As it expands, the SN sweeps up dust from the ambient ISM. The SN shock speed is up to 6000 km s–1 (32), and the distance already traveled by the shocks is up to 30,000 astronomical units (0.6 arcsec). We assumed a gas density of 1 hydrogen atom per cm3 in the LMC ISM and adopted a gas-to-dust mass ratio of 300. Within this volume, only a small mass of ISM dust (3 × 10−6 M) will have been swept up. This estimate is consistent with Herschel measurements of the ISM dust emission of <10–4 M, based on the sky background level in the 160-μm band (70.4 ± 9.6 MJy sr–1) measured for a 1.3 by 0.4 arcsec2 region centered at the position of SN, after removal of a point-spread function (PSF). Our measured dust emission requires a much higher dust mass, hence favoring emission from SN dust rather than from swept-up ISM dust.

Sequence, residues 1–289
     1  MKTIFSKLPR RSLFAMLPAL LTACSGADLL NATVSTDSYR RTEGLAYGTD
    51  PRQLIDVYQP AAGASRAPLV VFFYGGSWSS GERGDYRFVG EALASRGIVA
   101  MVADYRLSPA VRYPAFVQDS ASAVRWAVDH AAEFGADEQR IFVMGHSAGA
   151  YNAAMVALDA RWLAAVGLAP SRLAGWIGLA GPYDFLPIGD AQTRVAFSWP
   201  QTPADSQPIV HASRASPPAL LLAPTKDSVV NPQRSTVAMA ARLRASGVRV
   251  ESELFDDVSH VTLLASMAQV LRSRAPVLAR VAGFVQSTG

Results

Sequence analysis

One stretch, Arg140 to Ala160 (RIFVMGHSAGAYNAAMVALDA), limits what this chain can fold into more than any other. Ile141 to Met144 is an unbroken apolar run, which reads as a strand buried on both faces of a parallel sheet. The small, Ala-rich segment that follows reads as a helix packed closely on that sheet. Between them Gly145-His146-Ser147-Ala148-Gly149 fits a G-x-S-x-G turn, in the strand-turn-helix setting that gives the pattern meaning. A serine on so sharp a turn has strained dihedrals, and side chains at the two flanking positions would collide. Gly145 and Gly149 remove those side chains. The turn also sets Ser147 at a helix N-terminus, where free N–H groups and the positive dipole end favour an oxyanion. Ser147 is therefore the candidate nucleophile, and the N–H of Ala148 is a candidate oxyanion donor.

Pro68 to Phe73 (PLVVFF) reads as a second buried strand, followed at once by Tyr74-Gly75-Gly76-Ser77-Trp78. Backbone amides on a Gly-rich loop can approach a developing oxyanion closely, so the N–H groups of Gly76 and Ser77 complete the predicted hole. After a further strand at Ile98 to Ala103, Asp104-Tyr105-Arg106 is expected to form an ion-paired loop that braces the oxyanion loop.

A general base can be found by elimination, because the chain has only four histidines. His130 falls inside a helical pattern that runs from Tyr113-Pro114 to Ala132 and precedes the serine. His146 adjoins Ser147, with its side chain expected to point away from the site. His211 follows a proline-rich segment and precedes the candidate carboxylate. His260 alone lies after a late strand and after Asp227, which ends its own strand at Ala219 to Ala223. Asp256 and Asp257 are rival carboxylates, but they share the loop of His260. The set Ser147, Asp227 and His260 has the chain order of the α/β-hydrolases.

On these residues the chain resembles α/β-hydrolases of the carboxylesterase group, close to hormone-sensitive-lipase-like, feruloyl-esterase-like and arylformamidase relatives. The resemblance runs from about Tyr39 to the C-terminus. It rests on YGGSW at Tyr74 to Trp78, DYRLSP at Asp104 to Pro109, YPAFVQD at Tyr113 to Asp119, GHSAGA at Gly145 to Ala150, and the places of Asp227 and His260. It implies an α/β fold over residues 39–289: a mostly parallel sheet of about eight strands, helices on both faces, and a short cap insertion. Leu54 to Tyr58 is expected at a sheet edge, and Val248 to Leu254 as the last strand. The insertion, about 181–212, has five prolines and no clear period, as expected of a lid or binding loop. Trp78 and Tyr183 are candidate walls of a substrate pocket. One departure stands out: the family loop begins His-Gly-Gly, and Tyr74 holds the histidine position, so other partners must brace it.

The original SN energy pulse could potentially have been absorbed and re-emitted by interstellar dust grains to produce infrared echoes. To account for the Herschel fluxes, an infrared echo would have to originate from a dust cloud located at about 11 light years directly behind the SN, which is improbable. Moreover, this dust would have been heated by the optical and UV light, which had a luminosity of LUVO = 1041 erg sec–1 (17), implying a flux incident on the dust F = LUVO/(4πR2), where R = 11 light years. Taking this energy input as the dust heating rate, equilibrium with the dust cooling rate yields the dust temperatures ranging from 40 K for silicate and 70 to 110 K for graphite, for a range of grain sizes from 0.01 to 0.1 μm (33). These temperatures are substantially higher than those measured by Herschel (Table 2), ruling out an echo as an explanation for the Herschel SED.